WHO ARE THEY?: Truman's Ridge, four-piece band playing traditional style bluegrass.
BOOK ’EM: firstname.lastname@example.org or 815-603-1441
6:30 p.m. Nov. 20, Sycamore Baptist Church, Sycamore (benefit for the Hope Haven Shelter featuring several bands); 8:20 p.m. Dec. 1, The House Cafe, DeKalb (appearing with Red Tail Ring from Michigan performing at 7:30 p.m.)
How did the band get its name?
The original bass used in the band was named “Truman” because it was used in the jazz band that played for the Democratic National Convention during the presidential run of Harry S. Truman. Bruce’s father was raised on a farm at the foot of Crowley’s Ridge in Arkansas. We combined these to create the name Truman’s Ridge.
We searched for bands named Truman’s Ridge and found we were the only one using that name (or at least the first one).
Who are the members and what instruments does each play?
Steve Sarver plays guitar and sings lead. Mark Fowler plays mandolin and fiddle and sings tenor harmony. Evan Flower plays the upright bass and sings baritone harmony. Bruce Wallace plays banjo, harmonica and fiddle. He also supplies the bass vocals.
Evan occasionally plays banjo while Bruce fills in on the bass.
What towns are each of your band members from?
Steve Sarver is from DeKalb. Bruce Wallace and Evan Flower are from Sycamore. Mark Fowler is from McHenry.
How did the band get started?
Bruce and Steve had been playing together in another bluegrass band for about three years. In 2008, they decided to branch out and start their own band with the goals of writing and recording, doing some touring, and just seeing what they could accomplish with their music. They met Mark in Springfield at a festival and really liked how he played mandolin. He agreed to be a part of the band. Evan joined in January after their original bass player had to retire for health reasons.
Describe the music you play.
We play traditional-style bluegrass. Bluegrass has strong Midwestern roots. The first bluegrass recordings were done by Bill Monroe and his Bluegrass Boys in the studio at the Wrigley Building in Chicago in the mid 1940s.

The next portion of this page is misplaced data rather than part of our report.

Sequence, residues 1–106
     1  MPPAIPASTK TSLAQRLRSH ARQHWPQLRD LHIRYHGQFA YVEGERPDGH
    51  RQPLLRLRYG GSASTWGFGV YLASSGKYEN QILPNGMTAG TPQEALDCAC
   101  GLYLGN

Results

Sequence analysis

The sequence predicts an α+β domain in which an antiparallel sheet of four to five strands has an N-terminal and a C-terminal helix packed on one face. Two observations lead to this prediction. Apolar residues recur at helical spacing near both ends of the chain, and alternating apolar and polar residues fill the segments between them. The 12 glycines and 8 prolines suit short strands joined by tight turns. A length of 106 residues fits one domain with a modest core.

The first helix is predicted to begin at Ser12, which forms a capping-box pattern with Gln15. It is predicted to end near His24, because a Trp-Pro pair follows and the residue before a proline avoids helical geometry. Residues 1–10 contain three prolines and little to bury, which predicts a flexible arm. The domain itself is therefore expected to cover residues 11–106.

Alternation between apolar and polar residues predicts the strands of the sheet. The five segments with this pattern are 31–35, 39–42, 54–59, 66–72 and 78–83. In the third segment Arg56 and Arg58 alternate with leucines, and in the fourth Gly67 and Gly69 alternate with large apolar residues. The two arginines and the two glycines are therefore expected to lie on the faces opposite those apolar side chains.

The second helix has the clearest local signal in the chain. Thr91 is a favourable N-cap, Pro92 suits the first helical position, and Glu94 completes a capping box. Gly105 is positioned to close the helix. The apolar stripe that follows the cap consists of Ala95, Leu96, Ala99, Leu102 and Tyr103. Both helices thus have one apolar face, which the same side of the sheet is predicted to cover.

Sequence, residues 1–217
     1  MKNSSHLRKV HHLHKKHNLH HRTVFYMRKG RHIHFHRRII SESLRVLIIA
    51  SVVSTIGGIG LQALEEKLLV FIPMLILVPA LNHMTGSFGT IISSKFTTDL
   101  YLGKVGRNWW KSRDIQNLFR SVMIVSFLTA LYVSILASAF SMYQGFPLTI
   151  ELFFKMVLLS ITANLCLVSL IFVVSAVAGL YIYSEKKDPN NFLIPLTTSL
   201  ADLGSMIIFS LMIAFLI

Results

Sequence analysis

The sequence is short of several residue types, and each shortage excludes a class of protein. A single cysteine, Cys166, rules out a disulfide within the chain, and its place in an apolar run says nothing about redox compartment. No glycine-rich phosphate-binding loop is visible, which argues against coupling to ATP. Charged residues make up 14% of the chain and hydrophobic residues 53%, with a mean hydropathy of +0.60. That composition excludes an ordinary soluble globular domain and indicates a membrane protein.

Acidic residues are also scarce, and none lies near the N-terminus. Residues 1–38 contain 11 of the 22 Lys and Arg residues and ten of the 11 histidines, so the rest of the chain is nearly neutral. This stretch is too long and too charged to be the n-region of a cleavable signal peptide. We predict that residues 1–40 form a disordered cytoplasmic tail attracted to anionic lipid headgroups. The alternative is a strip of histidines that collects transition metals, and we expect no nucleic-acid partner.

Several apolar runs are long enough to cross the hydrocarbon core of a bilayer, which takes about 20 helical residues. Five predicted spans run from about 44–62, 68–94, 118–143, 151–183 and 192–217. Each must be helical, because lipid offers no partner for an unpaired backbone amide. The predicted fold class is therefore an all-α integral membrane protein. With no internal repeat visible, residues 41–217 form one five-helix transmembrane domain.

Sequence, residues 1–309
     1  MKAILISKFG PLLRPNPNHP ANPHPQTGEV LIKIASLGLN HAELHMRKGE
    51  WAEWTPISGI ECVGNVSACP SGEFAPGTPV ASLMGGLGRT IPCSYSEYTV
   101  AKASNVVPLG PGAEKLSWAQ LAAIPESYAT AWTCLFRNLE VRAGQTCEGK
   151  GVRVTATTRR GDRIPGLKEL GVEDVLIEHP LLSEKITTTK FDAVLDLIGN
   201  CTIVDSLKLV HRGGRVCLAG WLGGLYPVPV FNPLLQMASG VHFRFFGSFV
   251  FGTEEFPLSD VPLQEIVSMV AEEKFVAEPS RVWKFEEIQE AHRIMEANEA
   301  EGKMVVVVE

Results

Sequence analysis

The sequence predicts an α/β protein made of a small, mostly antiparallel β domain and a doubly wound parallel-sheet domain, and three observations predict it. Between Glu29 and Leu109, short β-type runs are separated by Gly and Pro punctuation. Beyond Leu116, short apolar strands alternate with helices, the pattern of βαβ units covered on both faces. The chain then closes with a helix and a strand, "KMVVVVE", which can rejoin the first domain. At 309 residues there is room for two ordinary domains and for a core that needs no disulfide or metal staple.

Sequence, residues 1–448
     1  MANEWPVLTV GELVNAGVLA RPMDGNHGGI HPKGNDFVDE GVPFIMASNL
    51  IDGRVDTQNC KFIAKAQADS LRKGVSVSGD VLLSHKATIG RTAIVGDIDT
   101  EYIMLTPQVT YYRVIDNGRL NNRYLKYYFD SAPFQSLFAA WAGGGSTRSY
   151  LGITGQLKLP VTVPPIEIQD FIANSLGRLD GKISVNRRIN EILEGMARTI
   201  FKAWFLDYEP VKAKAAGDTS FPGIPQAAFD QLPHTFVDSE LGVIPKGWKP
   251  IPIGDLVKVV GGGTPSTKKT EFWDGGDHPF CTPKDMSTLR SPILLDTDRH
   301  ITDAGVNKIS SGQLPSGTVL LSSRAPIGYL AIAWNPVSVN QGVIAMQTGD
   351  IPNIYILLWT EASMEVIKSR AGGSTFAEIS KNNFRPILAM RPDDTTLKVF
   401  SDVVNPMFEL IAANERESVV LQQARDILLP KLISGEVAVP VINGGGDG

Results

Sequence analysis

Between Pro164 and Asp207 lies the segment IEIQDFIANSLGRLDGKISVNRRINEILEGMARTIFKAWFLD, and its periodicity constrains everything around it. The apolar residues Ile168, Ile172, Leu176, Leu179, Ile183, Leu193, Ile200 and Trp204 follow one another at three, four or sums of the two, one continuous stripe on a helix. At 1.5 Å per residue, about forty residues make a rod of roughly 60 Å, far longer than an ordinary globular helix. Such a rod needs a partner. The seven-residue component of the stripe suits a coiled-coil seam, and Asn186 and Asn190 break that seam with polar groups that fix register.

Traditional Bluegrass has the energy of early rockabilly/rock ’n’ roll, the harmonies of country gospel music and the instrumental breaks of a good jazz quartet.
The rock-solid beat of the guitar and bass complement the driving rhythm of the banjo and the compelling mandolin lead breaks.
We also feature fiddle and harmonica on some of our songs.
What makes your act different?
Truman’s Ridge is a four-piece band. We work our stage shows off a single vocal microphone. That means there is a lot of movement on stage. We dress in the more formal tradition of hats and ties, which makes our performances appropriate for all venues.
Instrumentally, the band continues to show the influence of a Midwestern string band and Chicago jazz and blues in its interpretation of traditional bluegrass arrangements and in our original material.
Truman’s Ridge harmonies are varied, at times reminiscent of the early brother bands (Louvin, Everly, Monroe) and at other times showing a strong country-gospel influence in the three- and four-part vocals. The lead vocals are always strong.
Truman’s Ridge offers an exciting blend of the familiar and the unique. This is Chicago-style bluegrass at its finest.
Who are your three biggest influences?
Bill Monroe, The Nitty Gritty Dirt Band, Del McCoury.
Discuss the best concert you’ve ever seen.
We’ve seen a lot of great concerts. Recently, we watched Dailey and Vincent down at a festival in Pontiac. They came out fast, 20 minutes of song after song, then they changed up the show with different instrumentation and harmonies.
They played a range of bluegrass styles. Their instrumentation was flawless and their harmonies were awesome. They sang through four key changes in one song and never missed a chord. Best 50 minutes we’ve seen in a long time.
Why should people come see you (in 50 words or less)?
We offer the finest Chicago-style bluegrass. Single vocal mic, well-dressed, fast-paced. All the excitement and freshness of the early days of bluegrass.
What is the best thing about being a musician?
There is a synergy that occurs when the music is coming together. You can feel it. It is a beautiful, joyful thing. That and watching the little kids dance, they just can’t help but move!
Chuck Berry or Elvis Presley?
The Beatles or The Stones?
The Rolling Stones
Michael Jackson or Madonna?